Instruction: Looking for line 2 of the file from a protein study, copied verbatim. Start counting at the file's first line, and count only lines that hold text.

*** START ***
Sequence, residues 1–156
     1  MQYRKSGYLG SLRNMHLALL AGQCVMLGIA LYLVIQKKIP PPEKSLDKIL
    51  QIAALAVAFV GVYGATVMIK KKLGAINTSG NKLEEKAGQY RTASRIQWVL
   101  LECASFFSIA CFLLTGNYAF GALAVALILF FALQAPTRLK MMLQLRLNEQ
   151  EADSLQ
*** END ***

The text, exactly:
     1  MQYRKSGYLG SLRNMHLALL AGQCVMLGIA LYLVIQKKIP PPEKSLDKIL